Let's say that I want to say "AC is cool", and my private key is "Aussie".  I take those two strings and concatenate them, and then compute the MD5.  Let's say it's something like 5749057493755743957.  This number is now "proof" that I said "AC is cool".  In registration terms, I could replace "AC is cool" with a product serial number and the name of the person the copy is licensed to.  The MD5 is now proof that I authorized that serial number and name.

This technique is mainly useful for online schemes, where the validity is checked on the server.  It doesn't work well for validation on the client, because then the client has to know the private key ("Aussie").  This means that a cracker can find out the private key, and then issue as many registrations as they like, or write a key generator and distribute it to people.

So, for your situation, a simple hashing approach doesn't work.  You need something more like a public key algorithm, where the key that's used on the client doesn't match the key you use to generate the registration code.

Phillip J. Eby
Wednesday, February 18, 2004

The problem with Eby's approach for client side is more fundamental

Whether the keys are private or public keys or MD5 or whatever, it's going to boil down to something like (in C, obviously hacker will be in assembler)

BOOL IsKeyOkay(etc)
{
// do the check on the key
// lots of complicated stuff
if key_matches...etc
{
return TRUE ;
}
return FALSE ;
}

AND

if ( IsKeyOkay(etc) )
{
  DoRegistrationOption(etc) ;
}


The problem with this is the hacker has access to your binary, and simply can change to the equivalent of


if ( !IsKeyOkay(etc) )
{
  DoRegistrationOption(etc) ;
}

(this is simply changing a jne to je or vice-versa, a single byte change)

or

BOOL IsKeyOkay(etc)
{
return TRUE ;
}


It actually gets worse because they may not even need to change the executable.

If they actually look at the IsKeyOkay function ... they simply run thru every possible value (which is usually less intimidating than it might seem as serial keys etc., are usually limited length and valid possible characters) until they get the right one to trigger it returning OK.  Hence the key generator

S. Tanna
Wednesday, February 18, 2004

There's some good anti-codecracking tips at http://www.inner-smile.com/nocrack.phtml (like ways to obsfucate your code).

Cubist
Wednesday, February 18, 2004

There is a good article called "Encrypting data with the Blowfish algorithm" on embedded.com. It is quite detailed an includes some code examples.

http://www.embedded.com/showArticle.jhtml?articleID=12800442

Guy Eschemann
Thursday, February 19, 2004

"Personally, I'd recommend putting in a nag screen at loadup with a big "Buy Me!" button on it. Encourage people to give away the demo copies."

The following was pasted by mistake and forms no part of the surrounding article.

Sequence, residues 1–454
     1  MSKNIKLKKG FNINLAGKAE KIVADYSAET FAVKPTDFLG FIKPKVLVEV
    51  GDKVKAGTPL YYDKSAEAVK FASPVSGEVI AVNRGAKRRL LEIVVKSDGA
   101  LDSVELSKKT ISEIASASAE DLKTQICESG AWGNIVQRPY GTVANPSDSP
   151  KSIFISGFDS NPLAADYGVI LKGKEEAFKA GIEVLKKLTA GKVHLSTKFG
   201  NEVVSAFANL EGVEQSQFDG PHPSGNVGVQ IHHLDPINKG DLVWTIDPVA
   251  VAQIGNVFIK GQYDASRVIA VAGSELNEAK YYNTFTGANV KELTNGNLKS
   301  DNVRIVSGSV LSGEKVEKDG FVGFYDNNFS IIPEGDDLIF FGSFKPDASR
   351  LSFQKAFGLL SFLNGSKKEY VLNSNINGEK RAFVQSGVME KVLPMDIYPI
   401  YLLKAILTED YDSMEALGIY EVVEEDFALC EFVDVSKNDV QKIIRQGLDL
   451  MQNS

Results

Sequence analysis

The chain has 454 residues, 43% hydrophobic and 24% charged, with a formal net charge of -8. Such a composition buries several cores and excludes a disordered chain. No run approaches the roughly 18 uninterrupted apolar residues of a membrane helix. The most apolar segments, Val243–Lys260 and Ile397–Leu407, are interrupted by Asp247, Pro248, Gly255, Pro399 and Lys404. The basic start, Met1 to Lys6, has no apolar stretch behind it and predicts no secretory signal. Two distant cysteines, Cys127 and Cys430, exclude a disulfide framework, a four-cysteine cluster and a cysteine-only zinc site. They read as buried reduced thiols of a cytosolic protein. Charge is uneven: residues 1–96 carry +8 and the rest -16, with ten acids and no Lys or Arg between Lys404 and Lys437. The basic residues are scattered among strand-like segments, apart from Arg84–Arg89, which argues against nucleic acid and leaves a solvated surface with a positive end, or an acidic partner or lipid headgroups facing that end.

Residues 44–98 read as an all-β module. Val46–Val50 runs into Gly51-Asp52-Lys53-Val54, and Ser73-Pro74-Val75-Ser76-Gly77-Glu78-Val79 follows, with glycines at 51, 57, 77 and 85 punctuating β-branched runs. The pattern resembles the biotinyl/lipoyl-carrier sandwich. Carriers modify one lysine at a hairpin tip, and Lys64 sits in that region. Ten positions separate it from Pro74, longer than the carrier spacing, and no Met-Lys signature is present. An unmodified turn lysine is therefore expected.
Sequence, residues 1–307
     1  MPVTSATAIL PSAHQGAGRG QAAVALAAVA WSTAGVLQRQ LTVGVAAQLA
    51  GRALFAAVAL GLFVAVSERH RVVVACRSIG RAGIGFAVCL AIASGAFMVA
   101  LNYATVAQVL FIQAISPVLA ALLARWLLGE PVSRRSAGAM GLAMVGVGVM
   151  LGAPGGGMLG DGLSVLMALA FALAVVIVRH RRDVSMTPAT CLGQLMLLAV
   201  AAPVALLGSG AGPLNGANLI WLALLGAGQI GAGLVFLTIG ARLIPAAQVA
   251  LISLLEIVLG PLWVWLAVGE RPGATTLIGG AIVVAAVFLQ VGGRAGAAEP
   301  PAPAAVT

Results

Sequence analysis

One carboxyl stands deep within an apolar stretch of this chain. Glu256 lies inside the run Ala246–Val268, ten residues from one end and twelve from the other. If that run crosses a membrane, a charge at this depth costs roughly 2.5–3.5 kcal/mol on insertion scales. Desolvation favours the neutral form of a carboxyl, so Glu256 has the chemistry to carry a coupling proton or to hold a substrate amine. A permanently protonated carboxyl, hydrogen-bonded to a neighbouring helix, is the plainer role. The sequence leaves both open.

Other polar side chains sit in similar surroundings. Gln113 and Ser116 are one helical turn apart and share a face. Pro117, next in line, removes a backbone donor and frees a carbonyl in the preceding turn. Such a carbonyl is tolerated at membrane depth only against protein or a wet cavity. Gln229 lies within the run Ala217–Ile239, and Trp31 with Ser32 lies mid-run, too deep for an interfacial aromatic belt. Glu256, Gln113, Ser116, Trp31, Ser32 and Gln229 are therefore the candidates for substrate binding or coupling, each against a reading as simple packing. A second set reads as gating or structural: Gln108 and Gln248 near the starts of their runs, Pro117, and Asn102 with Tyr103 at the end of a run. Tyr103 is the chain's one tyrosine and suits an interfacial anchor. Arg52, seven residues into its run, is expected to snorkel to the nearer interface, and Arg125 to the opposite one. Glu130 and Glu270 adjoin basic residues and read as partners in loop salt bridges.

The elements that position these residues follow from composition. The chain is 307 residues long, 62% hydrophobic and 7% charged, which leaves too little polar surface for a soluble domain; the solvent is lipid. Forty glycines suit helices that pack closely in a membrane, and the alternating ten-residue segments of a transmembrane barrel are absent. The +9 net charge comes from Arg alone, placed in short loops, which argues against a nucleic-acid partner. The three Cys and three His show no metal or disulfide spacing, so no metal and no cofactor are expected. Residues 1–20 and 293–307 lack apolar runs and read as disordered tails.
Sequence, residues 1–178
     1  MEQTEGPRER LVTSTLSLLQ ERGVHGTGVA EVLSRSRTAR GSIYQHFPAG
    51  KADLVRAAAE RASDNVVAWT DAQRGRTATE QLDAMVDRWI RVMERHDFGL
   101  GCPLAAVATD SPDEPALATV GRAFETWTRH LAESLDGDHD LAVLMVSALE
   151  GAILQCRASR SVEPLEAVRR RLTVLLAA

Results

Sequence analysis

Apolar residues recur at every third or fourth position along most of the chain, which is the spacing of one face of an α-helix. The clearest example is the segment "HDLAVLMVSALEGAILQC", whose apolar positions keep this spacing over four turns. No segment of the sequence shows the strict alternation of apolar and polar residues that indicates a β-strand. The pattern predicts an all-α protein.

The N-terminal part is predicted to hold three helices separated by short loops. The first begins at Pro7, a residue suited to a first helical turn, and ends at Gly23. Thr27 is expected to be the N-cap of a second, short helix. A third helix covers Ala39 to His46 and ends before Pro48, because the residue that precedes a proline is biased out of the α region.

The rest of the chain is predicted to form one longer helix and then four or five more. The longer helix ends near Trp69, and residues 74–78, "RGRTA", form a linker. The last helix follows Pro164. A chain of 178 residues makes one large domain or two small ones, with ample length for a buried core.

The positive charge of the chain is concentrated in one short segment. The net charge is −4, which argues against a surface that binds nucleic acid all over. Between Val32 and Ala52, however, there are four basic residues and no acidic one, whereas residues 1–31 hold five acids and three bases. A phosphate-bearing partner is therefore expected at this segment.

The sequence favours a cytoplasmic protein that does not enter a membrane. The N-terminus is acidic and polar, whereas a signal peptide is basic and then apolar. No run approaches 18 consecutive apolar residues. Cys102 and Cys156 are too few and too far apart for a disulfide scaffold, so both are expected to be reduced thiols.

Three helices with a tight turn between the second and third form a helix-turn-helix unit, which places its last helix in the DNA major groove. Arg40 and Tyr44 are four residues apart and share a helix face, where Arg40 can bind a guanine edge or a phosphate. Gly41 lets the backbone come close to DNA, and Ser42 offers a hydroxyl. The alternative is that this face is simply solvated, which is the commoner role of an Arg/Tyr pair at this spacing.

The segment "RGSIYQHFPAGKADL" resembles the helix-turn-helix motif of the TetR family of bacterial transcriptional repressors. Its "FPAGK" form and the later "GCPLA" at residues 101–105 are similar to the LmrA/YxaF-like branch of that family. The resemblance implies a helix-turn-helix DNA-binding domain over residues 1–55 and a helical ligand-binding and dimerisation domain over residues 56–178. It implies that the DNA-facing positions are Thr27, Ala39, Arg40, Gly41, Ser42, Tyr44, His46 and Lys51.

This is for students. Your sales will be 0.0 if you do it this way. How many students do you know that registered for Winzip?

First step back and do a quick threat modeling. What is it you are trying to protect yourself from? Wire snooping? Key sharing? Key generators? Only then can you consider (partial) solutions.

As for the cryto stuff: do not try to invent your own!
There is plenty of support in the base platform that you can use out of the box (look at CAPICOM and CryptoAPI).

Just me (Sir to you)
Thursday, February 19, 2004

Thanks guys.

First, no I wouldn't dream of a nag screen. They are evil.

Secondly, the main people I want to protect myself against is the uni studnet who thinks 'hey this is good' and then passes it on to ten of his mates, who in turn...
Okay, so maybe not as viral, but the point being it is a cheap program that will be easy to buy, I don't want to lose all my potential buyers because there mate has a copy for free.
I am not really worried about hackers. It is currently a small-fry program, even if it was hacked cracked and roasted, well good luck somebody finding a copy, really is it worth two hours of looking for a cracked copy when it costs $9 at the student newsagents?

I have gone with using the mac address, running it through a XOR algorithm, and returning it to the user (so basically a codey-looking MAC address).
That combined with the user name, is hased through an MD5 algorithm (possibly overkill and/or used incorrectly, but it is being used as much so that I can learn). The result is stored internally.

The user enters the codey-looking MAC address and username onto the website (or some other more automated method), the website responds with the 'result' code, which the user then enters into the program. When the program gets the match all runs well.